# Both the version and the builder number may be overridden in flutter
    # build by specifying --build-name and --build-number, respectively.
    # Read more about versioning at semver.org.
    version: 1.0.0+1
    environment:
      sdk: ">=2.0.0-dev.68.0 <3.0.0"
    dependencies:
      flutter:
        sdk: flutter
      # The following adds the Cupertino Icons font to your application.
      # Use with the CupertinoIcons class for iOS style icons.
      cupertino_icons: ^0.1.2
    dev_dependencies:
      flutter_test:
        sdk: flutter
    # For information on the generic Dart part of this file, see the
    # following page: https://www.dartlang.org/tools/pub/pubspec
    # The following section is specific to Flutter.
    flutter:
      # The following line ensures that the Material Icons font is
      # included with your application, so that you can use the icons in
      # the material Icons class.
      uses-material-design: true
      # To add assets to your application, add an assets section, like this:
      assets:
        - logo.png
      fonts:
        - family: Montserrat
          fonts:
            - asset: fonts/Montserrat-Regular.ttf

Create assets and fonts directories into the root of your Flutter project. You should respectively find their content at this link and here. We add a logo.png to our ../assets folder and the Montserrat-Regular.ttf font to our ../fonts folder. Further in the tutorial we’ll make use of these assets in our app.

Build the UI

Let’s take a look at the ..lib/main.dart file and break down things:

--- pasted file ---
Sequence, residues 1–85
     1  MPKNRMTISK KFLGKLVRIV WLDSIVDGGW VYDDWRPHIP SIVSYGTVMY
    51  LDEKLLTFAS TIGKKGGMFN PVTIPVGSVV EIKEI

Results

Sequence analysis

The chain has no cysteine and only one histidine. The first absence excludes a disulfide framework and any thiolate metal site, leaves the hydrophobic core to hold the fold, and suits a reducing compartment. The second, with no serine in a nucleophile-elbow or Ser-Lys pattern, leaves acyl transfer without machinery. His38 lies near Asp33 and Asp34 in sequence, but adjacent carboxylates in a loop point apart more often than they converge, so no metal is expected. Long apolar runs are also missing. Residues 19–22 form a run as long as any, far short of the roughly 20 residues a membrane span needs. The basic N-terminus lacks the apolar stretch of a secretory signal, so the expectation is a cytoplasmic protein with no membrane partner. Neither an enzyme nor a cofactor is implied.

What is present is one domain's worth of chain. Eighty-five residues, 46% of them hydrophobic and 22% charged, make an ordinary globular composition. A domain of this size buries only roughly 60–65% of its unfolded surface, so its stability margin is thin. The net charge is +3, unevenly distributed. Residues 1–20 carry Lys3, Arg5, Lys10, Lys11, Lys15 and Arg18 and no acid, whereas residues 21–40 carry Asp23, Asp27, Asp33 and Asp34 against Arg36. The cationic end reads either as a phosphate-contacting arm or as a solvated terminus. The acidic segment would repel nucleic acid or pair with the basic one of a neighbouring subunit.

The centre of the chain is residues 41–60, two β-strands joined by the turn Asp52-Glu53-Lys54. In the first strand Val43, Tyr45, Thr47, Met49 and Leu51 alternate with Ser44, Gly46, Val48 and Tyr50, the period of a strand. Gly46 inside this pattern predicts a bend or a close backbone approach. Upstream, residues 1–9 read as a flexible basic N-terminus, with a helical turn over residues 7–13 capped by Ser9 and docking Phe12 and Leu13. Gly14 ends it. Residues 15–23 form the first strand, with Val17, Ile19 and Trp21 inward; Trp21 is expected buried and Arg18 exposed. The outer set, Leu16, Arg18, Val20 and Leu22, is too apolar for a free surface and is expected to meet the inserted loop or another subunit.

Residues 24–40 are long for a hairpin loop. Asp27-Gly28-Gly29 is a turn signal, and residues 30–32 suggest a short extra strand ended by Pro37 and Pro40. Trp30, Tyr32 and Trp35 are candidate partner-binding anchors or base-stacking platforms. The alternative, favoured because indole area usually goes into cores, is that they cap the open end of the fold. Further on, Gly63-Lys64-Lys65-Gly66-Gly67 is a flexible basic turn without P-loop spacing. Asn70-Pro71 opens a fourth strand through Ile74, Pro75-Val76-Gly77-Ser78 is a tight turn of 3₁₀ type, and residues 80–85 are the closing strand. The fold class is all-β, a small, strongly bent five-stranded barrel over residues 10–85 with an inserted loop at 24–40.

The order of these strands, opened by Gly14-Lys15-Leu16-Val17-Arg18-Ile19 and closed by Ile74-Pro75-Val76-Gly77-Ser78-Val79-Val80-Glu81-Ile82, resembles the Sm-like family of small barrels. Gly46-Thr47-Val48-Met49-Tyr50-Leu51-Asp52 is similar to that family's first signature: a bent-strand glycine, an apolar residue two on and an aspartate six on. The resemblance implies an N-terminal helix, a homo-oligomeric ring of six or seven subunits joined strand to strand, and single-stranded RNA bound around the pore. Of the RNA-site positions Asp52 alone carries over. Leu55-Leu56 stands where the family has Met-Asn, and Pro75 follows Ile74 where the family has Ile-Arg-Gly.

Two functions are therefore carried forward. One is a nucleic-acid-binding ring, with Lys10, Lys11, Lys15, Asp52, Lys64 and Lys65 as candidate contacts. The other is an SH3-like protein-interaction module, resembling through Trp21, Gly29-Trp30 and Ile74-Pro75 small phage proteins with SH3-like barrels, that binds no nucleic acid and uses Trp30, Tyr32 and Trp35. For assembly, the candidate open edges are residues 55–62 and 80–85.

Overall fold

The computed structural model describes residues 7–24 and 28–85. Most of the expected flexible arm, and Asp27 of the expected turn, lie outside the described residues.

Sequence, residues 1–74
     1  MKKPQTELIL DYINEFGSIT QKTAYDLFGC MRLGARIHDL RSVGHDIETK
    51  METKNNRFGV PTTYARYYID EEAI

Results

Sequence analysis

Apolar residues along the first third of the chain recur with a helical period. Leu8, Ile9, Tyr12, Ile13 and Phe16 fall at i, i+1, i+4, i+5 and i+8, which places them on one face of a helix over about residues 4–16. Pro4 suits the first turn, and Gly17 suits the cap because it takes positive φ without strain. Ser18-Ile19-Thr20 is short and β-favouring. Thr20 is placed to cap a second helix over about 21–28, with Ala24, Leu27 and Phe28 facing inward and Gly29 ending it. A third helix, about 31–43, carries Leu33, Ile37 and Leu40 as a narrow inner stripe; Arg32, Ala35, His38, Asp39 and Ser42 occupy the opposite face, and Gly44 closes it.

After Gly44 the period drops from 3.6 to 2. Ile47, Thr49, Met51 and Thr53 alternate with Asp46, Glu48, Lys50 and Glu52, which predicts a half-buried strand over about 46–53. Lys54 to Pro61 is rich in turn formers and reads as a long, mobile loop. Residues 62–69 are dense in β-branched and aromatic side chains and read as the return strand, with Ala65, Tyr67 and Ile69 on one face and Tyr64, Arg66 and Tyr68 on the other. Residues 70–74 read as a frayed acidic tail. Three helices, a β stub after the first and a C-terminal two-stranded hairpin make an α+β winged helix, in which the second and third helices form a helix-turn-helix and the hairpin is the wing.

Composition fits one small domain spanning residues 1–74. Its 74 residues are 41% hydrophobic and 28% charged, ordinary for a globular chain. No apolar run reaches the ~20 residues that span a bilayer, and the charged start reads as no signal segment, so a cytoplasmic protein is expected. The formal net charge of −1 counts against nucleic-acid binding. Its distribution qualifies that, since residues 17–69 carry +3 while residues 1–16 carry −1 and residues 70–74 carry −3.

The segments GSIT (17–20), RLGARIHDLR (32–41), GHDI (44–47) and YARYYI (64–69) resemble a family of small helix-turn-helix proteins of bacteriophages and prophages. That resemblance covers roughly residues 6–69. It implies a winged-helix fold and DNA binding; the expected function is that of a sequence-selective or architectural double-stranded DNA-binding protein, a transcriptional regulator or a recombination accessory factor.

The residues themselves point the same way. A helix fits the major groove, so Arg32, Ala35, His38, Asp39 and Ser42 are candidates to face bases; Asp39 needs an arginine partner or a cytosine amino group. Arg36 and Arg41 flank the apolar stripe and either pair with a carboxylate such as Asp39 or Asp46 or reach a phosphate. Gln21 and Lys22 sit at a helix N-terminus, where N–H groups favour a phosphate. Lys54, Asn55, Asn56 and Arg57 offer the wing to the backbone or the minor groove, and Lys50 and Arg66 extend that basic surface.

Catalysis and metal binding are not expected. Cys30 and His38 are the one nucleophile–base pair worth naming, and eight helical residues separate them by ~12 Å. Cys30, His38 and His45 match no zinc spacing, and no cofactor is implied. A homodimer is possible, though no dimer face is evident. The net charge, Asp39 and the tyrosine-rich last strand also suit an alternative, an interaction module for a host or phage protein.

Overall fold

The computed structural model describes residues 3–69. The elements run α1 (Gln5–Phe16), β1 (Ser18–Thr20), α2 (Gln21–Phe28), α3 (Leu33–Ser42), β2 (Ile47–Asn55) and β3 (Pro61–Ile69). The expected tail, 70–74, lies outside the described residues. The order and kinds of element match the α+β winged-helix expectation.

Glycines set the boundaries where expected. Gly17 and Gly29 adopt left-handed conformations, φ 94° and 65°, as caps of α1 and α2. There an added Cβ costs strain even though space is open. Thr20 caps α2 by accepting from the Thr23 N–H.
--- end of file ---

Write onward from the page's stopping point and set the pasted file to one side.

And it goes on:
First, we import the Material library from Flutter:

        import 'package:flutter/material.dart';

Among those are the MaterialApp, Scaffold, and AppBar widgets that we’re using inside our app. The methods that we’re using are either part of a library you’ve imported, or part of the Flutter framework itself.

After that comes the following line:

        void main() => runApp(MyApp())

Well, this is the entry point of our whole program so it must always be defined if you want to render something on the screen. But what about the fat-arrow (=>)? If you’re familiar with ES6 features in JavaScript, this is pretty much the same. It’s just a more concise way of defining functions, so we’re actually running the runApp() function inside the main() function. This function makes the MyApp widget the root of the widget tree. This effectively renders the widget, along with its children into the screen.

Note that almost everything in Flutter is a widget, and each one can have its own set of properties and child widgets. We have two main types of widget in Flutter:

  • Stateful widget: manages its own internal state and keeps track of it.
  • Stateless widget: while this kind of widget doesn’t. For example a button doesn’t need to track of anything.

Then we define our MyApp widget. Amend your MyApp class like the following (only change the title property) :

    class MyApp extends StatelessWidget {
      // This widget is the root of your application.
      @override